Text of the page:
A Thousand Pictures Tell of a Legacy
Have you ever met someone for the first time and instantly know that this person is going to be your friend? There is just something about them that you connect with…as though you already knew them on a deeper level. I recently interviewed someone like that. He is a humble and kindred spirit of sorts, a follower of nostalgia who makes history in his efforts to capture it. He is a man who watched the original Pink Floyd’s The Wall and shot it with a camera he smuggled in. He is a man who shared a joint with Tom Petty during an interview. He is a man who got Pat Benatar to hold up a copy of a magazine with a Playboy Playmate on the cover. He is, without a doubt, a unique individual. Allow me to introduce Vernon Gowdy III.
Like many teens and young adults of the 1970’s, Gowdy fell in love with rock music and concerts. Back then, he was a “science nerd” who studied what was under a microscope and not behind a microphone. However, the idea of looking at something through a narrowed lens intrigued him. Just as an organism in biology class came alive to the human eye under magnification, music came alive to him behind the lens of a camera. This would start a life-long passion that would bring some of the most interesting people in the world into his frame of view.
He had been hooked on concerts as a live music fan since his first concert in 1975 when his sister took him to see Rod Stewart. But, during his college years at OU, he began to cultivate an interest in photography as well as concert going. Soon, an opportunity arose that he believed would allow him to merge the two interests. He was right!
“I had been taking pictures at concerts since 1976, but in 1977, I noticed a review of a show with photos in the college newspaper and thought I could get better pictures than that,”. He immediately applied for a position with the Oklahoma Daily college newspaper and was hired. It wouldn’t be long before he got his first assignment. Who could’ve known then that his first show would become of great historical significance worldwide? It would be a small event back then dubbed as the Sex Pistols at Cain’s Ballroom. In recent months, that show would be commemorated 40 years to the day by a large write-up in the Tulsa World and an interview with concert promoter Larry Shaeffer who booked them. Determined to succeed with this first show, he drove his Camaro for over four hours in a snowstorm to make the engagement. Anyone who has driven an old Camaro knows that it’s a sled with a mind of its own when it comes to ice and snow. Even then he was determined to get the shot.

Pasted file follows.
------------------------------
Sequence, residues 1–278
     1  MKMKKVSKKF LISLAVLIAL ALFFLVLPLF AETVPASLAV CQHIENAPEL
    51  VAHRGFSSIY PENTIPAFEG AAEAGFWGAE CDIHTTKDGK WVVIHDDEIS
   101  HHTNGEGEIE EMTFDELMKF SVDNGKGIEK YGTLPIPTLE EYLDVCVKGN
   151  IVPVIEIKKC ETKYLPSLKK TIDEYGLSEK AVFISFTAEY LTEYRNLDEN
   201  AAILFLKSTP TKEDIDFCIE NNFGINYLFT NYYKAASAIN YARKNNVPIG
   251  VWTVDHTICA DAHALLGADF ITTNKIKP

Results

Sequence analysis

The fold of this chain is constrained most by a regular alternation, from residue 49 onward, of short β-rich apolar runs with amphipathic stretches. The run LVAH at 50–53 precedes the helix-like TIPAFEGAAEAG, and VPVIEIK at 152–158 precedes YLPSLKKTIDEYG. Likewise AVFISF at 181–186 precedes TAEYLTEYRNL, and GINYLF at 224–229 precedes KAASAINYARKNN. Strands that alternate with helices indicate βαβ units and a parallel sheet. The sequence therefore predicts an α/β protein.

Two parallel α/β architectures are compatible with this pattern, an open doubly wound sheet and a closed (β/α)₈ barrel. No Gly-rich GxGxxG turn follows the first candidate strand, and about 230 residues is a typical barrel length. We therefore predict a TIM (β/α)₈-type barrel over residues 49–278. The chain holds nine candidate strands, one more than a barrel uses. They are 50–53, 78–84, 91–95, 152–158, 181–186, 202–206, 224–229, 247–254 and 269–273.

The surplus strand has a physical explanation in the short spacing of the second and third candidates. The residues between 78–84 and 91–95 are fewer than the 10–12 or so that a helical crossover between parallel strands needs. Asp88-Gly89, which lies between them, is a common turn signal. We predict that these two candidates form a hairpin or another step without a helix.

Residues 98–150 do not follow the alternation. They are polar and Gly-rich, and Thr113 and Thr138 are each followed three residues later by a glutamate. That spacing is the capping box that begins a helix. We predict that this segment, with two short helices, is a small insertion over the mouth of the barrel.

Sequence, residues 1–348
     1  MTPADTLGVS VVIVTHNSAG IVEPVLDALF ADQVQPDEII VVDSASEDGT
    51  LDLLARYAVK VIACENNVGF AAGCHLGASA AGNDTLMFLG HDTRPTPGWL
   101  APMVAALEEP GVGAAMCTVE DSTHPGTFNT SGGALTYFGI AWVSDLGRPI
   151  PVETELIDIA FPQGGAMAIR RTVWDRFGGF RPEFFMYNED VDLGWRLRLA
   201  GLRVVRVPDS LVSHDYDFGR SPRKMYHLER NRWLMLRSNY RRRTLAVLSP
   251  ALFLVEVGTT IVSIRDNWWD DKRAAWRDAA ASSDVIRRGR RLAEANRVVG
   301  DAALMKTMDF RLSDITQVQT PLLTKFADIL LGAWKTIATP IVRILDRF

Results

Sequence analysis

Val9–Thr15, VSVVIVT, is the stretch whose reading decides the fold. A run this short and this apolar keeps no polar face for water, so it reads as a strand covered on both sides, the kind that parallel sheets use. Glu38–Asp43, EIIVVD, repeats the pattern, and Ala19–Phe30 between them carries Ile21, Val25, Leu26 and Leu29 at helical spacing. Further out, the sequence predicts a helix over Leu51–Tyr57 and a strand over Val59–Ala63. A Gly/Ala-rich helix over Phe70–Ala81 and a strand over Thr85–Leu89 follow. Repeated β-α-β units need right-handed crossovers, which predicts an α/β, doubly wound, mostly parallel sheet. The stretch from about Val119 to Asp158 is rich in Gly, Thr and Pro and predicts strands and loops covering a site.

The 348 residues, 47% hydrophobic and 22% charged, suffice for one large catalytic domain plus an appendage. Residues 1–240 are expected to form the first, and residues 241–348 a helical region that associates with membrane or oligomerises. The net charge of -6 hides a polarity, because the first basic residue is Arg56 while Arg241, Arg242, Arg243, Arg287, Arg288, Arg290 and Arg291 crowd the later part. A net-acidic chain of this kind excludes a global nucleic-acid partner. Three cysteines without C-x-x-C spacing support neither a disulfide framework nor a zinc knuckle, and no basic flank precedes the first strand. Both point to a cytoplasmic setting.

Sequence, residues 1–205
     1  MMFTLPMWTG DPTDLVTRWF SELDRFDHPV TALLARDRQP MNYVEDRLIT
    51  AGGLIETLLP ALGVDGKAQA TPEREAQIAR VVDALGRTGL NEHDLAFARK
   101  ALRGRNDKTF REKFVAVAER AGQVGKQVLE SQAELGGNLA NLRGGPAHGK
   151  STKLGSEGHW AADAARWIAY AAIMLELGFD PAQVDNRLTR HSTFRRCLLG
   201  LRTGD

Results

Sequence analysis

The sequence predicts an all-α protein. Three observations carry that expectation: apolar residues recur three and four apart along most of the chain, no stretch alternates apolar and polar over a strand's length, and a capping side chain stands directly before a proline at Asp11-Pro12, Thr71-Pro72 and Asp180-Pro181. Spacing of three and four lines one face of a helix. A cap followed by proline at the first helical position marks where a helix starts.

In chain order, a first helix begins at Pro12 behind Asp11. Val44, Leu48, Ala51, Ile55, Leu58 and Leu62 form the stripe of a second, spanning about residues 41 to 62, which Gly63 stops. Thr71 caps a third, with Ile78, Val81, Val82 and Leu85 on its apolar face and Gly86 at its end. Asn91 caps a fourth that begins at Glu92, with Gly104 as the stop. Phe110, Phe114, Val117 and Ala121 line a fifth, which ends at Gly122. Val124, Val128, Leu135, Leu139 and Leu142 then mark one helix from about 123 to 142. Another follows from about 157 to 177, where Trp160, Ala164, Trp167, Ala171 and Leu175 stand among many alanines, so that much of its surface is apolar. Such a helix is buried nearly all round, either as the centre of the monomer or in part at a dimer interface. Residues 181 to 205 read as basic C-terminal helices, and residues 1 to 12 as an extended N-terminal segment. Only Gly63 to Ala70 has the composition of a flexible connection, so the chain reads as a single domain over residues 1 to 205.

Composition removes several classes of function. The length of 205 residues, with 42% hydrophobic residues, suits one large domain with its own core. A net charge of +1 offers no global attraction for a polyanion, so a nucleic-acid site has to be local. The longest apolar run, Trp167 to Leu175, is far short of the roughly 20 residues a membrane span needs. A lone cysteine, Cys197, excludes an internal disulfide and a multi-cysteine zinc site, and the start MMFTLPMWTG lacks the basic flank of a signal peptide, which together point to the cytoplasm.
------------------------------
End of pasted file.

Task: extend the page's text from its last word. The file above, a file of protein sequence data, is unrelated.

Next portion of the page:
RIGHT ON TARGET
Gowdy continued honing his photography skills while with the paper, including sports, concerts and other subject matter relative to a school paper. However, it was the concerts that he loved shooting. Because of this love, he had something that most people didn’t have; authentic, one-of-kind concert shots of famous musicians playing live. As impossible as it is today even to believe such things were ever possible, Gowdy used his position as a part-time employee for Target working in the Records & Camera department to not only spin the new albums released, bur also to display his photos on the counter and sell them for a dollar or two. He did this with management approval. It probably wouldn’t take security long today to toss an employee off the receiving dock today if they attempted such a thing. But hey, it was the 70’s!
“I got my Bachelor of Science degree in Microbiology in May 1979 and began working as a Senior Research Technician at the Oklahoma Medical Research Foundation (OMRF) doing cancer research. I worked there for about a year but then quit to do JAM Magazine full time,” Gowdy said. The “science nerd” still wanted to focus on what was alive, but it was what was living on a concert stage that captivated him more than what was living under a microscope. The first issue of JAM magazine debuted in September 1979. He was then able to work out a deal with the manager of the Boomer Theatre in Norman where he obtained an office in which to give JAM magazine a home.
SPREADING THE JAM